2001-Sat Mar 17 00:40:50 EDT 2018
Vetstreet. All rights reserved. Powered by Brightspot.
Vetstreet does not provide medical advice, diagnosis, or treatment. See Additional Information ›
Editor’s Note: Crystal Miller-Spiegel has an Master of Science degree from the Tufts University School of Veterinary Medicine. She is a policy analyst for the American Vivisection Society and is the author of numerous papers, articles and reports on animal welfare-related issues. The opinions expressed here are her own.
In February, the Copenhagen Zoo killed Marius, a healthy 2-year-old giraffe, publicly dissected him and fed him to lions and other big cats because it deemed he could not be used for breeding or sent elsewhere. That action sparked a flurry of international news stories and opinion pieces and put zoos everywhere on the defensive. Further investigations published in the media showed that the giraffe's demise was not an isolated event at Copenhagen and other European zoos, but this zoo was (for whatever reason) more candid about its management practices. While U.S. zoos often use contraceptives to control animal breeding, officials at the Copenhagen Zoo and other European zoos believe animals should be allowed the freedom to reproduce and that contraception or sterilization would inhibit their natural behaviors, even if that means offspring need to be killed. In 2012, two leopard cubs were killed at the Copenhagen Zoo, and approximately 20 to 30 animals — including hippopotamuses and gazelles — are killed there each year for reasons similar to those surrounding Marius.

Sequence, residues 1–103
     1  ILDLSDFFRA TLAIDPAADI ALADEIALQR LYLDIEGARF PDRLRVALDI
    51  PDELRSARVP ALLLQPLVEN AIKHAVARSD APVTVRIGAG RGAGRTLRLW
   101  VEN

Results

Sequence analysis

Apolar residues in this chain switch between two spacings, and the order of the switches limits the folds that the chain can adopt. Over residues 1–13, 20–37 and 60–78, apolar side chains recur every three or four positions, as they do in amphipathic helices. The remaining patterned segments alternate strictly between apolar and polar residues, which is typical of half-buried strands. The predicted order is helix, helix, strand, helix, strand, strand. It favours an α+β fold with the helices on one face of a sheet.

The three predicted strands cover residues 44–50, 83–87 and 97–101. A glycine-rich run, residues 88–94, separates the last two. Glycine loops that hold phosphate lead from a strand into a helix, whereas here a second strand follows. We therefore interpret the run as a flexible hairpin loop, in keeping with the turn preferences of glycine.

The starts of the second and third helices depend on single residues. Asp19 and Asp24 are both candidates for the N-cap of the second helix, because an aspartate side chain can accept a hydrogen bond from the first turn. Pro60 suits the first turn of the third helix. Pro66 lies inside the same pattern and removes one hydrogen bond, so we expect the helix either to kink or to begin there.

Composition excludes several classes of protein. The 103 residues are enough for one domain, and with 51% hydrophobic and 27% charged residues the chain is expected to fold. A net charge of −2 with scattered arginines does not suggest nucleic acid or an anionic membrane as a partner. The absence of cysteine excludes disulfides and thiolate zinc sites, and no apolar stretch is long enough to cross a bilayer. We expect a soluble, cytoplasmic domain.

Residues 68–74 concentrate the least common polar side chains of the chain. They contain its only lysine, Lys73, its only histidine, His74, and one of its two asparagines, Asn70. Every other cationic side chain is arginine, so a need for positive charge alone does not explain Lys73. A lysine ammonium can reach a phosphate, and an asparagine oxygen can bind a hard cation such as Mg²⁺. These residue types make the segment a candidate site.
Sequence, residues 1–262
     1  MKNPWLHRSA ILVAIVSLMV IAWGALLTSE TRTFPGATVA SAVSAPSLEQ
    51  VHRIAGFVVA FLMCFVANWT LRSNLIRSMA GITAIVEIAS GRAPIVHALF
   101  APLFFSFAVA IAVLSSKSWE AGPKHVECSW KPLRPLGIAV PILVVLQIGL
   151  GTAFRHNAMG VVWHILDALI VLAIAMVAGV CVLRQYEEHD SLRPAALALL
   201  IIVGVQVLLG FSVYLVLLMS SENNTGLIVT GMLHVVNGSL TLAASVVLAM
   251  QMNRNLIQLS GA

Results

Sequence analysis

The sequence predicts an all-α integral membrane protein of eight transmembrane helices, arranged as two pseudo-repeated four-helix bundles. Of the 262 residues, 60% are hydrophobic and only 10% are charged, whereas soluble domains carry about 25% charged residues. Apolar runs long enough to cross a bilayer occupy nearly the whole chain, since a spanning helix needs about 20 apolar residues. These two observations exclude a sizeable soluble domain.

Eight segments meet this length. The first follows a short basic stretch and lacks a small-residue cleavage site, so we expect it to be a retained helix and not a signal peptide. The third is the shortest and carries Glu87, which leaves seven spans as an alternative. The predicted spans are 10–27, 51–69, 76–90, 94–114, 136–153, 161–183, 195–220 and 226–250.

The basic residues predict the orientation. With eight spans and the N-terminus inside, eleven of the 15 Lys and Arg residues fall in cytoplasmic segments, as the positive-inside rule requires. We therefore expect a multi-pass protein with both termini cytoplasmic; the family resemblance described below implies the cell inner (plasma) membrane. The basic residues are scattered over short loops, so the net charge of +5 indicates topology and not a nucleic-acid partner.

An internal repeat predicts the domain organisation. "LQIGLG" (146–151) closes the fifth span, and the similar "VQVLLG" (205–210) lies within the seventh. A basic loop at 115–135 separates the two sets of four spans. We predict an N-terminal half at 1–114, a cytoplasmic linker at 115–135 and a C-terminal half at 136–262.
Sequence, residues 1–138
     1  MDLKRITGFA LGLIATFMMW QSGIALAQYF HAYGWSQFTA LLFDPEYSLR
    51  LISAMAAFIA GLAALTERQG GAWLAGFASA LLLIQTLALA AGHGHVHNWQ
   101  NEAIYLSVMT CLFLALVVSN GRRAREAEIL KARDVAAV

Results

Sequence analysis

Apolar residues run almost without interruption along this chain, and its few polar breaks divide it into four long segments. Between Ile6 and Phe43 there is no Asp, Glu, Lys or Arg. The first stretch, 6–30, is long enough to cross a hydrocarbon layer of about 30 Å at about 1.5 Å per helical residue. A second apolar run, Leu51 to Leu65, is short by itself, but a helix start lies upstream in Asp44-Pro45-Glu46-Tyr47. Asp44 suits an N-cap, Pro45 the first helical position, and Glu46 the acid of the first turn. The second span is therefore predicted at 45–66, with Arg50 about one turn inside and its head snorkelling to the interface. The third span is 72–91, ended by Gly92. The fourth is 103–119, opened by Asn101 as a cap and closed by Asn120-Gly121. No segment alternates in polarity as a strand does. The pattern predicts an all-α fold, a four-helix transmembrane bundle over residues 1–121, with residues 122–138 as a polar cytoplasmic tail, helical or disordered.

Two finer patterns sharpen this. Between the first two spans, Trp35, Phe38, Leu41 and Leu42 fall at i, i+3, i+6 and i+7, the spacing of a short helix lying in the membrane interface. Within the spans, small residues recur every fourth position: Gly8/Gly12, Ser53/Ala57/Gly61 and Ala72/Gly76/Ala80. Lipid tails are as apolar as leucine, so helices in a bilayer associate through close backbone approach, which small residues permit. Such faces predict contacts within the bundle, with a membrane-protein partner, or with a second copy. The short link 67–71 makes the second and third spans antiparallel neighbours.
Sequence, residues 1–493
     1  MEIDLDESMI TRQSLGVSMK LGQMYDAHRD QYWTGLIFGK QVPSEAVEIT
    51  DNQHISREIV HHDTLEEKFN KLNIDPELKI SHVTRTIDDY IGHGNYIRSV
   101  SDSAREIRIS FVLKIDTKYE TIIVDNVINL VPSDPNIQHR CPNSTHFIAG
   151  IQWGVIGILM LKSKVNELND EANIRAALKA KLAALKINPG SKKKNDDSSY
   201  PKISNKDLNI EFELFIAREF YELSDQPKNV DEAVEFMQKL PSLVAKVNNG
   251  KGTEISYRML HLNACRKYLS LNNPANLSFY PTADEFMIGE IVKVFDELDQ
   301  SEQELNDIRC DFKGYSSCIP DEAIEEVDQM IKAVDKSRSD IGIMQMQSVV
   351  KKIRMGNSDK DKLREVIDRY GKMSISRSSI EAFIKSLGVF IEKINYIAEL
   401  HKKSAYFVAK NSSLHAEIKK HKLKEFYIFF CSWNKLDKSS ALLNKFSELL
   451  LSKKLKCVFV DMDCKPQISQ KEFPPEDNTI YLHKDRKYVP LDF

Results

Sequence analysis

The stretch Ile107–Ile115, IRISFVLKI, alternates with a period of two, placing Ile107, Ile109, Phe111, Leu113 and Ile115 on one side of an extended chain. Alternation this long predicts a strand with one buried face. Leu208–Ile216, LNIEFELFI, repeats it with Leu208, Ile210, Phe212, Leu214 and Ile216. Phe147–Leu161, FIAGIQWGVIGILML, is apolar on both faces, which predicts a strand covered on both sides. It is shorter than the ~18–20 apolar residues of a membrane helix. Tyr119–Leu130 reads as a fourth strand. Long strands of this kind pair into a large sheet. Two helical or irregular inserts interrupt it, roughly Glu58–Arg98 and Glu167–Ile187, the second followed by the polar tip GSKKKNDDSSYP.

As someone who has volunteered in a large, well-known zoo and studied the ethics and conservation policies of zoos for years, the idea that a zoo would kill animals for population control did not surprise me. If the public, or at least those who seek more from visiting a zoo than simply a day out with the family, knew more about zoos and their management practices, perhaps they would not so easily embrace them. The same applies to circuses and aquariums — if you think they are okay, you probably won’t agree with me about zoos.
Have you ever seen a gorilla eating his own feces or regurgitation? A tiger relentlessly pacing her cage? I’ve seen those types of behaviors at reputable zoos, and they are signs that the animals are not well. No matter how well-designed an animal exhibit is, it is extremely difficult to replicate an animal’s niche or habitat and provide enough stimulation for highly social and intelligent animals.
Like this article? Have a point of view to share? Let us know!
Take our breed quiz to find your next pet.
Bartonella is a type bacteria that can be transmitted to cats, dogs and humans from exposure to infected fleas and…
Want to give your pup yummy, low-calorie treats? We’ve got the skinny on which foods are OK to feed him.
Not sure about food puzzles? Our veterinarian reveals why the payoff for your pet is well worth any extra work.
With these simple dental care tips, you can help keep your canine’s adorable smile shiny and healthy for life.
The friendly and inquisitive LaPerm has an easy-care coat that comes in a variety of colors and patterns.
Check out our collection of more than 250 videos about pet training, animal behavior, dog and cat breeds and more.
Wonder which dog or cat best fits your lifestyle? Our new tool will narrow down more than 300 breeds for you.
If the video doesn't start playing momentarily,
please install the latest version of Flash.
Thank you for subscribing.